|Scientific Investigations Report 2005-5285|
Channel Morphology and Bed-Sediment Characteristics Before and After Riparian Vegetation Clearing in the Cottonwood Ranch, Platte River, Nebraska, Water Years 2001-2004
By Paul J. Kinzel, Jonathan M. Nelson, and Ashley K. Heckman
Cover photograph: Oblique aerial photograph of the Platte River, Cottonwood Ranch study reach (center), taken March 26, 2003 (top of photograph is west/upstream). Photograph courtesy of Lawrence R. Davis, Davis Aviation.
The citation for this report, in USGS format, is as follows:
Riparian areas along a reach of Platte River passing through Nebraska Public Power District's Cottonwood Ranch Property were modified during 2002 to 2004 to enhance in-channel habitats for endangered and threatened avian species. A component of this alteration involved the removal of riparian vegetation from riverbanks and islands to provide roosting habitat for the endangered whooping crane and to provide nesting and foraging habitat for the endangered least tern and threatened piping plover. It was hypothesized that the removal of riparian vegetation could have the effect of stimulating channel widening in this reach by increasing the potential of these surfaces to erode under natural fluvial action. It also was hypothesized that as a direct or indirect consequence of the alterations, a local increase in sediment supply also might occur, potentially resulting in geomorphic change downstream and possibly initiating negative third-party effects. The cumulative effects of the management activities on the channel morphology and sediment transport in this reach were monitored during water years 2001-2004 by measuring transect elevation profiles and bed-sediment-size gradations upstream, within, and downstream from the managed area before and after the development activities.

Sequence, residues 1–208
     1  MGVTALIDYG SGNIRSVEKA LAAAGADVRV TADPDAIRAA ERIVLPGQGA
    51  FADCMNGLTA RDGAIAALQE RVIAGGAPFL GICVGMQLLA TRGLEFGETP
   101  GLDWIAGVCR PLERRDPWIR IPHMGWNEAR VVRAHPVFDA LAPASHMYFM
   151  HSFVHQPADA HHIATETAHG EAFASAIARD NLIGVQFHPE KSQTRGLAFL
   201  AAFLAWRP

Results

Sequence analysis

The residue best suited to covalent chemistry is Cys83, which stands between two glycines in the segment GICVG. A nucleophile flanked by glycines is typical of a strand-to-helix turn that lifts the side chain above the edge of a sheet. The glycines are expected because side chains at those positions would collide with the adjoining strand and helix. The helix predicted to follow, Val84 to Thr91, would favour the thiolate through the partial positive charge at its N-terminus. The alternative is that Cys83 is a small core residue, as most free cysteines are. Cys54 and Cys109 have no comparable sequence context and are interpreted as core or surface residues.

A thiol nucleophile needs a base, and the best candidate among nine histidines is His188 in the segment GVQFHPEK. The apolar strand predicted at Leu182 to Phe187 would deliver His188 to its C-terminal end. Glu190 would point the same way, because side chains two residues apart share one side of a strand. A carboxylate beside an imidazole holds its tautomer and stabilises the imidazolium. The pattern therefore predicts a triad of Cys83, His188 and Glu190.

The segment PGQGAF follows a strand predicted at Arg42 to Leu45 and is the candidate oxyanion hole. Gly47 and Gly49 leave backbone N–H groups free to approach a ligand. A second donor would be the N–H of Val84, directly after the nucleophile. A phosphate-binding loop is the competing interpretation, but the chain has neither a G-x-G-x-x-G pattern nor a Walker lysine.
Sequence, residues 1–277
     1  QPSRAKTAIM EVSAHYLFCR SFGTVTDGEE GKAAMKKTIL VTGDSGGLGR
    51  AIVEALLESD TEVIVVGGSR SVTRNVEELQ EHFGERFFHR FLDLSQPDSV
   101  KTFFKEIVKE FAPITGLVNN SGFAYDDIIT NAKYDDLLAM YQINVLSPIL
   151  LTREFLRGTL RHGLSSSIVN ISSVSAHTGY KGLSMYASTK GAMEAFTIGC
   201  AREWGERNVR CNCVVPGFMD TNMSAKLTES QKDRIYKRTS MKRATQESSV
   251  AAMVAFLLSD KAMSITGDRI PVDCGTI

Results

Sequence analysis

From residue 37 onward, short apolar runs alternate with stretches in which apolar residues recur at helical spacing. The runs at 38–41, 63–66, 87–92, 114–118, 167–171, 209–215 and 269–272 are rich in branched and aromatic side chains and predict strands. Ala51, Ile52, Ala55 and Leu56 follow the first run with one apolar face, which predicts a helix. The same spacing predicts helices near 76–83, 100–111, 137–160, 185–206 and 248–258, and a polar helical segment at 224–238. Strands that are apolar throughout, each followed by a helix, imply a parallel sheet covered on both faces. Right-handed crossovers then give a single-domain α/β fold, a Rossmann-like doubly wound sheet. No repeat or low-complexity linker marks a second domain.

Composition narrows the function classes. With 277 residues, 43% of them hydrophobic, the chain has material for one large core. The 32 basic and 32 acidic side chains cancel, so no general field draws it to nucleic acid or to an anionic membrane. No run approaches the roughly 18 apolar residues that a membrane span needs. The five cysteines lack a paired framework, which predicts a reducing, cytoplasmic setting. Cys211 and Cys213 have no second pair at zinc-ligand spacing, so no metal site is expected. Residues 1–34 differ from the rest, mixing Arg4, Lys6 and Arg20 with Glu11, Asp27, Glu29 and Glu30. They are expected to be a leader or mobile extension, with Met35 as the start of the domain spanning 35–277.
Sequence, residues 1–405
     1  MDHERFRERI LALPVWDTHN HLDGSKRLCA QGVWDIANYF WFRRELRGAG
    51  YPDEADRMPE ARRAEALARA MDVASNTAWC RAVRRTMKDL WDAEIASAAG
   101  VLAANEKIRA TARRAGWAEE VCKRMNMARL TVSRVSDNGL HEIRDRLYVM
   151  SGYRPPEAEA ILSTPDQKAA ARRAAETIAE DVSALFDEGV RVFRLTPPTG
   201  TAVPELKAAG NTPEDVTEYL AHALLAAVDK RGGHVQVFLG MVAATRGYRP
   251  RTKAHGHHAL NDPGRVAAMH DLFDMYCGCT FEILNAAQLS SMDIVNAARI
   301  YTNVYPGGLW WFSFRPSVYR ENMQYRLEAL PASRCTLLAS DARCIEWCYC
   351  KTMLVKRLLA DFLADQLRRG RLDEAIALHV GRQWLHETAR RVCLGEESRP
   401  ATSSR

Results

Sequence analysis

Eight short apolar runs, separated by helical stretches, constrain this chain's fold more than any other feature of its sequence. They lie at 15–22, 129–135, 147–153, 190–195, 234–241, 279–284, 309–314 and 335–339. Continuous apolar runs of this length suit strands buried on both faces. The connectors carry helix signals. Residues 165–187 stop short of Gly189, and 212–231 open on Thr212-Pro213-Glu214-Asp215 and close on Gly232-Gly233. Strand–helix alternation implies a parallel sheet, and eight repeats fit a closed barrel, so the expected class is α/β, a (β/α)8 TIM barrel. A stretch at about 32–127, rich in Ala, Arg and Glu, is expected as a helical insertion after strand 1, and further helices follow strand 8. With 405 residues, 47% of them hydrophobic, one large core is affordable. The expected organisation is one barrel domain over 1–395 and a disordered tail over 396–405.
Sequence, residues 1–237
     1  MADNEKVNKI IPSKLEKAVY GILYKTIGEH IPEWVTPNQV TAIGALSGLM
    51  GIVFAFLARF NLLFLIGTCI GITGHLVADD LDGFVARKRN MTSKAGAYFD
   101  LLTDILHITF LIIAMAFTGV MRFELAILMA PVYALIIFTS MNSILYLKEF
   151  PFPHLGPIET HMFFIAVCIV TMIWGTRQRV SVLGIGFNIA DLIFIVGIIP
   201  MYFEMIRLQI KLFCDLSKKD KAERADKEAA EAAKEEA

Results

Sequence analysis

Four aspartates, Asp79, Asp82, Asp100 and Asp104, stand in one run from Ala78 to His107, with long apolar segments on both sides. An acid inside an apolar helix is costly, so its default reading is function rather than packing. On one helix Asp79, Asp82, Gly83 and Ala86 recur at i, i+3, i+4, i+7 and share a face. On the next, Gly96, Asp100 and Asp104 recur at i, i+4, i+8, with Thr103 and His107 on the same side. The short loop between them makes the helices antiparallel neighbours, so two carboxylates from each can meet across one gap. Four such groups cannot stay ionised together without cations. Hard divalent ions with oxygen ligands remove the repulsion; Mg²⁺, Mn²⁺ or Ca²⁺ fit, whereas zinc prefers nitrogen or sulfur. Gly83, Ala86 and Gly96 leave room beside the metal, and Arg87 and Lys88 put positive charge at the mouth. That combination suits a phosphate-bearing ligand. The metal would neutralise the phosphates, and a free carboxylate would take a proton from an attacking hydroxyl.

An analysis of variance (ANOVA) was performed to determine if the geomorphic variables measured before and after the development activities were significantly different. Although statistically significant differences were detected in some of the variables, increases in mean bed elevation did not occur in a greater percentage of the monitoring sections measured downstream compared to upstream from the management activities. This result suggests that the management activities did not have a substantial effect on the downstream river channel morphology and sediment transport. However, it is important to place these short-term and site-specific results in the context that river flows following the management activities were at historical low rates, and therefore the potential to affect and the opportunity to detect possible geomorphic change within and downstream from the managed reach were limited.
Table of Contents
Purpose and Scope
Sampling of Bed and Bank Sediment
Trends in Mean Bed Elevation from Channel Surveys
Summary and Conclusions
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